Although the Expedition’s exterior is all new, it still looks like an Expedition. Let’s be honest, a big SUV can’t have odd curves and strange corners, which would limit all it needs to get the job done, from hauling three rows’ full of people to towing up to 9,300 pounds. The front fascia is more contemporary, with a large blue oval badge and horizontal lines through the Ford five-bar grille. Available LED headlamps, LED daytime running lights, and LED taillights (on Limited) modernize the Expedition front and rear. The door handles are sleeker and more aerodynamic than previous models, and the available power running boards are much appreciated, especially by those who are vertically challenged (such as the author). Optional on our test Expedition were 20-inch 275/55R20 Toyo H/T Open Country tires. Even with a fully loaded cargo area (not exceeding the payload limits, of course), the tires did a great job keeping contact, even in heavy rain. Temps ran a little hotter along the southern route we took, but never gave us any cause for concern.
Running the numbers, the Expedition is big. The regular wheelbase is 122.5 inches, with the MAX at 131.6. Most of that extra space is for rear-seat legroom and extra cargo room. Overall length is 210 and 221.9 respectively. Width also measures up nicely, at 79.9 inches without mirrors.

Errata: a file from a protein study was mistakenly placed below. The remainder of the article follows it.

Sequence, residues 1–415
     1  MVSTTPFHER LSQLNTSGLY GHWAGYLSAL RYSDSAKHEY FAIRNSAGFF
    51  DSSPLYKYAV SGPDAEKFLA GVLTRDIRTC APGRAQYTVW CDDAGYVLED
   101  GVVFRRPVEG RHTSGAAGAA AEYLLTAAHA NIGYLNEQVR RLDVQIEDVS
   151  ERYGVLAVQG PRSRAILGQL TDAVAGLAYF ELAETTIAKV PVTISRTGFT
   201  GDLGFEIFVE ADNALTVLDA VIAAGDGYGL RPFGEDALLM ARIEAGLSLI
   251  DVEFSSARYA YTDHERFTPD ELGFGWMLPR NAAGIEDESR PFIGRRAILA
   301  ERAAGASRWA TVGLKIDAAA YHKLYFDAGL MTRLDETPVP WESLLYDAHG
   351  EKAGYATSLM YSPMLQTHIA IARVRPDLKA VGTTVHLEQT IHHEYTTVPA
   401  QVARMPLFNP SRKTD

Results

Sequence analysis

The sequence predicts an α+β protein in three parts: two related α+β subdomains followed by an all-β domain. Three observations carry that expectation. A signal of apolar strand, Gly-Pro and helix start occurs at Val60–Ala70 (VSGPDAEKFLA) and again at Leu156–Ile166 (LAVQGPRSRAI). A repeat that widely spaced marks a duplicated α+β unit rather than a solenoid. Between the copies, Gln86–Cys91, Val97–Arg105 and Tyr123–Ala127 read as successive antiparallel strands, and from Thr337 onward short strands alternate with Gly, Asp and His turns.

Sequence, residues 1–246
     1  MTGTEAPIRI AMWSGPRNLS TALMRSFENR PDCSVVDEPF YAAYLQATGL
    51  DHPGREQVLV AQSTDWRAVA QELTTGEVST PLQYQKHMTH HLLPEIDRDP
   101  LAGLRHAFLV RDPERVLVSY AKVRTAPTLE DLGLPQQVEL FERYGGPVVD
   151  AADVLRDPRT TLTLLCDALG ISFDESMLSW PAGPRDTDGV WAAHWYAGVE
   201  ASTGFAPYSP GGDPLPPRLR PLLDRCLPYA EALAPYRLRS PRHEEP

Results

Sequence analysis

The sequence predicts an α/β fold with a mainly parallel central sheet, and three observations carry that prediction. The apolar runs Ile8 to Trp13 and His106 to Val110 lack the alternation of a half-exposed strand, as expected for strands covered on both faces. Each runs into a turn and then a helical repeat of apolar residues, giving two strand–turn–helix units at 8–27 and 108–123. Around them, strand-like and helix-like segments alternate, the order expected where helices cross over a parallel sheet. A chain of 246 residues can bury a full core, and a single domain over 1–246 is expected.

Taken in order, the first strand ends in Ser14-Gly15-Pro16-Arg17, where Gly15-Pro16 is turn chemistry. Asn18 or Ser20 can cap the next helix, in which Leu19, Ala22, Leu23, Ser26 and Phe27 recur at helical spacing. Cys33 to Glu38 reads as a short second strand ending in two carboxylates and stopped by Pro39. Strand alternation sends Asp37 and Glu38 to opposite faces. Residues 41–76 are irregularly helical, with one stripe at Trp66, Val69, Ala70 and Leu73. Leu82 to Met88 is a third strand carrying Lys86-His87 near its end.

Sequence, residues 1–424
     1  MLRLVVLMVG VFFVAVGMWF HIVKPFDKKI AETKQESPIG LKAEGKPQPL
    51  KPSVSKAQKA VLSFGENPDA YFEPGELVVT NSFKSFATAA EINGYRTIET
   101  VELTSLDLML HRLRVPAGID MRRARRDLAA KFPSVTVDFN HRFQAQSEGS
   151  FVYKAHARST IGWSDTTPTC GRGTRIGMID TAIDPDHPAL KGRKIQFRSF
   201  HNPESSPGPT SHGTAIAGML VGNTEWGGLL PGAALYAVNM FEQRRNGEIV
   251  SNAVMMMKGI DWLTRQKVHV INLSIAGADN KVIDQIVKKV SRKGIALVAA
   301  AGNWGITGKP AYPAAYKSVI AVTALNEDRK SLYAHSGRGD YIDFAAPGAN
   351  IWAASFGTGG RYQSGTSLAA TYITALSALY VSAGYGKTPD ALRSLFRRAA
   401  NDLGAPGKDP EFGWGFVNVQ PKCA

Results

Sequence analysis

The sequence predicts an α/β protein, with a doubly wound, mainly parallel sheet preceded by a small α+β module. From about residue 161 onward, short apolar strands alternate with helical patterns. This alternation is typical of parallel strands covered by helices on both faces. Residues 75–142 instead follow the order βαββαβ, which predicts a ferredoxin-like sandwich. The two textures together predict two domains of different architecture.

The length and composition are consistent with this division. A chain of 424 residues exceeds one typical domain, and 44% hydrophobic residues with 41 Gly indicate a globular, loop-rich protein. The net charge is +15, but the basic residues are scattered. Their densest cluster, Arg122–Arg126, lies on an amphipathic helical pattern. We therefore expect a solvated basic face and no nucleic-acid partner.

The interior of the Expedition is functional and user friendly. Seats were highly adjustable, and included power lumbar support for driver and front-seat passenger.
Inside is where the Expedition excels. It looks similar to the interior of the F-150, which is good, because it’s work-oriented, with touches of unexpected luxury features. First, because it’s so wide, there’s plenty of leg room for front-row occupants. The tunnel is wide, but that provides plenty of center console width and depth, plus room for two cupholders and a storage area that includes the new, available wireless charge pad.
The available wireless keypad is on a slant so you can see your phone. Two USB ports are available if you prefer to use Apple CarPlay or Android Auto.
Speaking of the charging pad, there are plusses and minuses to it. We like that you don’t need to have a cord tethered, because it’s usually in the way and constantly tangled. The pad also is set on an angle so you can see your phone when on the pad. The other side of that coin is that, for iPhones, you need to take the phone out of the holder, which is a pain every time you get in and out of the car. Plus, if you want to use Ford’s AppLink system (which is impressive) or Apple CarPlay, you need to be tethered with a cord anyway. In theory it makes sense, but I found I just plugged my cord into the USB hub so I could use the other features.
The seats were comfortable and supportive on our long trip (I’m sure the pioneers would have traded their wagon seats for these plush ones in a heartbeat.), with good thigh support. The Platinum trim features standard Multi-Contour seats with Active Motion. I’ve experienced these in the Lincoln vehicles, and this is what I missed most in the Expedition. Those massaging seats are heavenly, and would have come in handy for the long drive.